Collaborative Reform Initiative Technical Assistance Center (CRI-TAC)

By the field, for the field

The Collaborative Reform Initiative for Technical Assistance Center (CRI-TAC) program provides critical and tailored technical assistance resources to state, local, territorial, and tribal law enforcement agencies on a wide variety of topics. It features a “by the field, for the field” approach while delivering individualized technical assistance using leading experts in a range of public safety, crime reduction, and community policing topics. Agency participation in CRI-TAC is voluntary.

These services are delivered at no cost to your agency. Built to meet the diverse needs of law enforcement agencies today, the CRI-TAC works to develop solutions specifically tailored to your agency, allowing you to play an active role in the problem-solving process. The CRI-TAC provides a collaborative and comprehensive process in which subject matter experts from the field help your agency reach the forefront of cutting-edge innovation and evidence-based practices.


SERVICES PROVIDED

  • Resource Referral: Toolkits, reports, and other relevant publications
  • Web-based Training: Recorded webinars and live online training
  • In-person Training: Existing and customized on-site training
  • Virtual Mentoring: Personnel from the requesting agency will be connected with subject matter experts to share information and promising practices via phone or video conference call    
  • Meeting Facilitation: Subject matter experts will assist in facilitating meetings among agency members and other public and private sector stakeholders
  • On-site Consulting: Subject matter experts visit the requesting agency to collaborate with agency leaders and provide guidance on best practices and tailored solutions

AREAS OF ASSISTANCE

Technical assistance encompasses a host of methods including training, peer-to-peer consultation, analysis, coaching, and strategic planning. Participating agencies identify areas of assistance to best suit their local needs, which may include the following:

  • Active Shooter Response
  • Community Engagement
  • Crime Analysis
  • Crisis Intervention
  • De-escalation
  • Domestic Violence Reduction and Prevention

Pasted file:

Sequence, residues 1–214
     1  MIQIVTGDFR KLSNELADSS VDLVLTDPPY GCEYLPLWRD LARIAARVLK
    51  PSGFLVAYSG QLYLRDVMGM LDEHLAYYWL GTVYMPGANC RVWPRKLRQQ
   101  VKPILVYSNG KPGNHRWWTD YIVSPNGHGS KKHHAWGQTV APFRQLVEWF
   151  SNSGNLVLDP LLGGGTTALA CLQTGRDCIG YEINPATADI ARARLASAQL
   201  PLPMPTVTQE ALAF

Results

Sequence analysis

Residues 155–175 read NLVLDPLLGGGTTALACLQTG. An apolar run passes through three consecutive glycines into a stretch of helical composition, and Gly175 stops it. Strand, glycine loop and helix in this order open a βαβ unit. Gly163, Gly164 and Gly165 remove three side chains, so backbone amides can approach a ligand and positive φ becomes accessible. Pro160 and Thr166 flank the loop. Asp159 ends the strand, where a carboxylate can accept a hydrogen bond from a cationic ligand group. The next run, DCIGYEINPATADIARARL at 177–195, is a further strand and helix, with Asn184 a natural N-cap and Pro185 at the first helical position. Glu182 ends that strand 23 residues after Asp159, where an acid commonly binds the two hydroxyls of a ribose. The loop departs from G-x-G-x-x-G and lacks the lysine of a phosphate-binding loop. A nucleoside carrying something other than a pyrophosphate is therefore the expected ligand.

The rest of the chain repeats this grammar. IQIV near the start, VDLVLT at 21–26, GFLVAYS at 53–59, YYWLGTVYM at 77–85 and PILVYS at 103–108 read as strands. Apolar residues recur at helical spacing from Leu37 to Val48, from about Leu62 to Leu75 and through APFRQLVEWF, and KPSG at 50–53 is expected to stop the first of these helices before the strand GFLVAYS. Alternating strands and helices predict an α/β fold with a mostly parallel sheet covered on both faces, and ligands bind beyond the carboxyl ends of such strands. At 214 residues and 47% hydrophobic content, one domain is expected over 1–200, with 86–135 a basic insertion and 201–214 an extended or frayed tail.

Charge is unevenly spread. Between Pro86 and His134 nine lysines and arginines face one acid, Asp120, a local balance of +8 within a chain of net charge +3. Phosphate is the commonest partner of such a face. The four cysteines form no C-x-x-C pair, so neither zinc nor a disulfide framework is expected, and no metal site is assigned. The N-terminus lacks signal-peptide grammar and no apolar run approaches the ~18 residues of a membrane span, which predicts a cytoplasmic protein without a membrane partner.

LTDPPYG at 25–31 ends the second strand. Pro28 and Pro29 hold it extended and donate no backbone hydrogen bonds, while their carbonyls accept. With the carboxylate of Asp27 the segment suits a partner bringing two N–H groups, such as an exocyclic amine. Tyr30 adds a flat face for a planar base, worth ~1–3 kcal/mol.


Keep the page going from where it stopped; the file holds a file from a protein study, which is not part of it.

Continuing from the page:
• Drug-related Crime
  • Drug Abuse Prevention
  • Elder Abuse
  • Focused Deterrence
  • Gangs
  • Gun Violence Reduction and Prevention
  • Homeless Populations
  • Hate Crimes
  • Human Trafficking
  • Intelligence and Information Sharing
  • Leadership
  • Management and Supervision
  • Mass Casualty Response
  • Mass Demonstration Response
  • Modern Police Performance Management
  • (e.g. CompStat)
  • Officer Safety and Wellness
  • Private Sector Coordination and Partnerships
  • Proactive Policing
  • Problem Solving Techniques
  • Prosecution Coordination and Partnerships
  • Public Sector Coordination and Partnerships
  • Recruitment, Hiring, and Retention
  • School Safety
  • Shared Service Models
  • Traffic Safety
  • Tribal Law Enforcement
  • Violent Crime Reduction and Prevention
  • Youth Engagement

RESOURCES


REQUEST TECHNICAL ASSISTANCE

To help us best serve you, please include the following information:

  1. Name of your agency
  2. Number of sworn officers
  3. Size of population served
  4. Topic and service requested
  5. Contact information

Please visit collaborativereform.org or email critac@theiacp.org to request assistance.


CRI-TAC PARTNERS

Along with NSA and the Department of Justice's COPS Office, the CRI-TAC provides results-oriented technical assistance from the following partner organizations:


This project was supported, in whole or in part, by cooperative agreement number 2017-CR-WX-K001 awarded by the U.S. Department of Justice, Office of Community Oriented Policing Services. The opinions contained herein are those of the author(s) or contributor(s) and do not necessarily represent the official position or policies of the U.S. Department of Justice. References to specific individuals, agencies, companies, products, or services should not be considered an endorsement by the author(s) or the U.S. Department of Justice. Rather, the references are illustrations to supplement discussion of the issues.